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"The Hundred Thousand Sons of St Louis: The..." Topic

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392 hits since 2 May 2017
©1994-2017 Bill Armintrout
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Tango0103 May 2017 11:23 a.m. PST

… French Campaign in Spain April to October 1823.

"This book sheds light on an almost unknown military campaign conducted by a French army, 100,000 men strong. The army was referred to by the French king as the ‘Sons of St. Louis' and was pitted against parts of the regular Spanish army and a numerous militia. The cause of the war was a revolution in Spain in 1820 which brought in a ‘Liberal' government and the Spanish parliament, the Cortez, held Ferdinand, the Spanish king, a virtual prisoner. Ferdinand appealed for help from the French who were supported by an army of Spanish Royalists. A few years earlier many of these Royalist volunteers had been France's bitter enemies and had fought Napoleon's generals to a standstill.

The French troops who crossed the Pyrenees were part of a newly forged army, taken from the debris of Napoleon's old regiments augmented with newly raised conscripts and many inexperienced officers drawn from emigrés and the old nobility who had returned to France after the Battle of Waterloo. However, it was led by battle-hardened former Imperial officers and was placed under the overall command of the king of France's nephew, who was also in line for the throne of France.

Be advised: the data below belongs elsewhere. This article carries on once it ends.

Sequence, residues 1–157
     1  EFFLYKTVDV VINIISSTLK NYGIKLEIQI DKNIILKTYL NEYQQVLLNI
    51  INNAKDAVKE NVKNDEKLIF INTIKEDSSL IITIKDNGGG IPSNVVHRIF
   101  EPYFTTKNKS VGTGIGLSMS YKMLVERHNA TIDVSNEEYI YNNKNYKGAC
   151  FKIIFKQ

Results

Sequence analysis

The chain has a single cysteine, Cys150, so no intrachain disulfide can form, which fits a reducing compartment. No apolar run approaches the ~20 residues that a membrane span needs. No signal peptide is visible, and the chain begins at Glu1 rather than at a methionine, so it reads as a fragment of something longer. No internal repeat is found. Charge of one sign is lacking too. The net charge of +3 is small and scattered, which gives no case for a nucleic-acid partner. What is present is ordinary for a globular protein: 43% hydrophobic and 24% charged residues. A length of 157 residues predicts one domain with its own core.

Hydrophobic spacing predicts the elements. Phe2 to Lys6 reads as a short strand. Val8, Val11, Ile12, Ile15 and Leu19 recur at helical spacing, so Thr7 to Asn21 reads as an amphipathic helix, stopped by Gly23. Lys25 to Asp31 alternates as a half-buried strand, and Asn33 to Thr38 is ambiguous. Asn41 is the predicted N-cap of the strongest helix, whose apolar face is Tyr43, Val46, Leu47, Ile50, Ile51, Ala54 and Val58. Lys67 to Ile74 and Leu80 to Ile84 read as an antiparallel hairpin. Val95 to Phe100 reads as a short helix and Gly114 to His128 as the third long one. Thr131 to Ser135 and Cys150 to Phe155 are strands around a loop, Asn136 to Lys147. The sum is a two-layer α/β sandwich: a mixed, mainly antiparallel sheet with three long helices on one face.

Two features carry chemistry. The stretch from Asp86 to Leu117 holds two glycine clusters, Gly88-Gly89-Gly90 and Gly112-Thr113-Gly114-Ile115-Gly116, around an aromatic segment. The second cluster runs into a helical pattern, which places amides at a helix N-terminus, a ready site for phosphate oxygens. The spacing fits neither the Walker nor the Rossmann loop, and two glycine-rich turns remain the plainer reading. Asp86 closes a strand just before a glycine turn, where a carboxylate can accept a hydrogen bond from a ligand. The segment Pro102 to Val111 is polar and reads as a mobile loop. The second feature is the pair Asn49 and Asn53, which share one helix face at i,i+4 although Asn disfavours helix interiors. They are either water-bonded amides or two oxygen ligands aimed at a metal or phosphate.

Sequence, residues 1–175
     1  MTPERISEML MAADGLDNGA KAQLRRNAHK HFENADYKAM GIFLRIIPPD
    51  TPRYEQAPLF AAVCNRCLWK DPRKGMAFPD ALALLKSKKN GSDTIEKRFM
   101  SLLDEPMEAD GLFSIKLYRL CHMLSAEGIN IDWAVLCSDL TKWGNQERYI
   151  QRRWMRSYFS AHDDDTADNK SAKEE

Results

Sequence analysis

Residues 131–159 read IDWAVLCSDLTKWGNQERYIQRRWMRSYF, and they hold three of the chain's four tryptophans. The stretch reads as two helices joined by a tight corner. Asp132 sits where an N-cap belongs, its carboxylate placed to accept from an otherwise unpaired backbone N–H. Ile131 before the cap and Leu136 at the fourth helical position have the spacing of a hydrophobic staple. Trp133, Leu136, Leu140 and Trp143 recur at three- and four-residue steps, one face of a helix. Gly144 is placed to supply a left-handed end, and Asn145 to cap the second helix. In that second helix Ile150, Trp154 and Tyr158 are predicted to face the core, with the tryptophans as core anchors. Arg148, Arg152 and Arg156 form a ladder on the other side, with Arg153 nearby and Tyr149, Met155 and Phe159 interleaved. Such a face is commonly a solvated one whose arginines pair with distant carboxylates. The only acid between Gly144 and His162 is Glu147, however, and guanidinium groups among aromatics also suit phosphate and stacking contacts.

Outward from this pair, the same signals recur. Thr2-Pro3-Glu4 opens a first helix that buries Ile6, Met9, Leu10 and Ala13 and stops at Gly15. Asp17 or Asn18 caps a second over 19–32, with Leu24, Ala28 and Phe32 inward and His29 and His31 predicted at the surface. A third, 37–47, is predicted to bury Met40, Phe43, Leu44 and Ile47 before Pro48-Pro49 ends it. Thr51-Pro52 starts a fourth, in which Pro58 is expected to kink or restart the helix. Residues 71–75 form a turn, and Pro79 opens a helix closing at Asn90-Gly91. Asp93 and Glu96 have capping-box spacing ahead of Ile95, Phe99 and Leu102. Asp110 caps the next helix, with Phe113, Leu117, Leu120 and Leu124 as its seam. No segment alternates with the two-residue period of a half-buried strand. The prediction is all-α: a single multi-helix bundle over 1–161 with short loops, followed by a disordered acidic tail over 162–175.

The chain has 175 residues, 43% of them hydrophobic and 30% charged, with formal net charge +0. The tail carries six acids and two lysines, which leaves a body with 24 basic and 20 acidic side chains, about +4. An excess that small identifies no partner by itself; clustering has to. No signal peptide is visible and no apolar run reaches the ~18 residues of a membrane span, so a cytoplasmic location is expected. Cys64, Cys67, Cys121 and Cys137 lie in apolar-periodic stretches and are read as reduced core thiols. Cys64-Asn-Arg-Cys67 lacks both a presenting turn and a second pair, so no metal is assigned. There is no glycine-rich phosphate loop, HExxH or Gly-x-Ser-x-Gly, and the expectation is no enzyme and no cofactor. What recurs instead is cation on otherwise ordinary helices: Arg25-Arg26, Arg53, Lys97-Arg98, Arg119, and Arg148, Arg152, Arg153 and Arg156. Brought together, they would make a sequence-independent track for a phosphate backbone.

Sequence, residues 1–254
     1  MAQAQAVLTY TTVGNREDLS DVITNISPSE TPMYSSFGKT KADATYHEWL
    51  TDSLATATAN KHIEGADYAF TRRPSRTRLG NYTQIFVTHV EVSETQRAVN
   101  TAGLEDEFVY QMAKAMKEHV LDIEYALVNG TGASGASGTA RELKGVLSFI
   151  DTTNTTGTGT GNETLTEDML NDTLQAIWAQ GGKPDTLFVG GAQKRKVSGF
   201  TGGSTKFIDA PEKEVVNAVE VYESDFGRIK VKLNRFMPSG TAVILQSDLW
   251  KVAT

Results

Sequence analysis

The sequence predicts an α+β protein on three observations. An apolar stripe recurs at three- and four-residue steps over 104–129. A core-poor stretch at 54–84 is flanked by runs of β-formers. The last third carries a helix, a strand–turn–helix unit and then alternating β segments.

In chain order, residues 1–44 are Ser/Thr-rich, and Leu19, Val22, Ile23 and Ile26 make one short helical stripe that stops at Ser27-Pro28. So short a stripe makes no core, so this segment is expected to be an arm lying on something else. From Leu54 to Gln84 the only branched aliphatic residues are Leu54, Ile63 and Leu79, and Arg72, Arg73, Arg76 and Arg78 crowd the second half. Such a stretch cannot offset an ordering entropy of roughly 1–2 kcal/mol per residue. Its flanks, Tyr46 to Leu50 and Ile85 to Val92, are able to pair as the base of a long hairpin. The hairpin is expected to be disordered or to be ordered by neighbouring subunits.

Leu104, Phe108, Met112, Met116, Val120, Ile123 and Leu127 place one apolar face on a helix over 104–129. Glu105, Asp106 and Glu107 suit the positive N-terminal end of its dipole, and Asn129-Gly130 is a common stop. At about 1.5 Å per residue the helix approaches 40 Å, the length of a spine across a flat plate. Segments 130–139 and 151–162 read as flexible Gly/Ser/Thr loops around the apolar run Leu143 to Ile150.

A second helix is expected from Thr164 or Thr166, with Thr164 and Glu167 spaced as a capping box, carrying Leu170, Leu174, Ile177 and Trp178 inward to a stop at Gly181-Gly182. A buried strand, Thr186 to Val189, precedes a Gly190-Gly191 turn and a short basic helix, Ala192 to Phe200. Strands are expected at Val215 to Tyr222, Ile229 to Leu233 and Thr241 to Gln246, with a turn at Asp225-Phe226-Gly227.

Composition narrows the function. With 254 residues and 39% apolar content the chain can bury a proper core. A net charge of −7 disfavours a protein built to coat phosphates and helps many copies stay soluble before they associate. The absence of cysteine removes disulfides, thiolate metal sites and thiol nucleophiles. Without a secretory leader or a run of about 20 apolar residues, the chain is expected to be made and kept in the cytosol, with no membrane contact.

Since 1824, when a small number of works appeared in France, there has been no book on the subject, in any language.

A full account of the campaign is given, together with detailed descriptions of the armies of France and Spain, illustrated with contemporary pictures and modern interpretations and including maps and plans of the war. The final and crucial battle, the taking of the forts on the island of the Trocadero, opposite Cadiz, is given special attention. Although small by recent European standards, the fight was decisive for bringing about the end to the war and for establishing the spirit of the new French Royal army and restoring France to a position as one of the leading world powers…"


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arthur181503 May 2017 12:36 p.m. PST

Thanks very much for the advance notice, Armand.

Personal logo Artilleryman Supporting Member of TMP03 May 2017 2:08 p.m. PST

Fascinating period about which there is little in English. Thanks for this Armand. It is now on my list.

Reactionary Inactive Member04 May 2017 2:16 a.m. PST

Very interesting.

Tango0104 May 2017 9:41 a.m. PST

Happy you like it my friends!. (smile)


Haitiansoldier Inactive Member06 May 2017 4:42 p.m. PST

I'll have to get a copy of that. I read about it in Les Miserables years ago.

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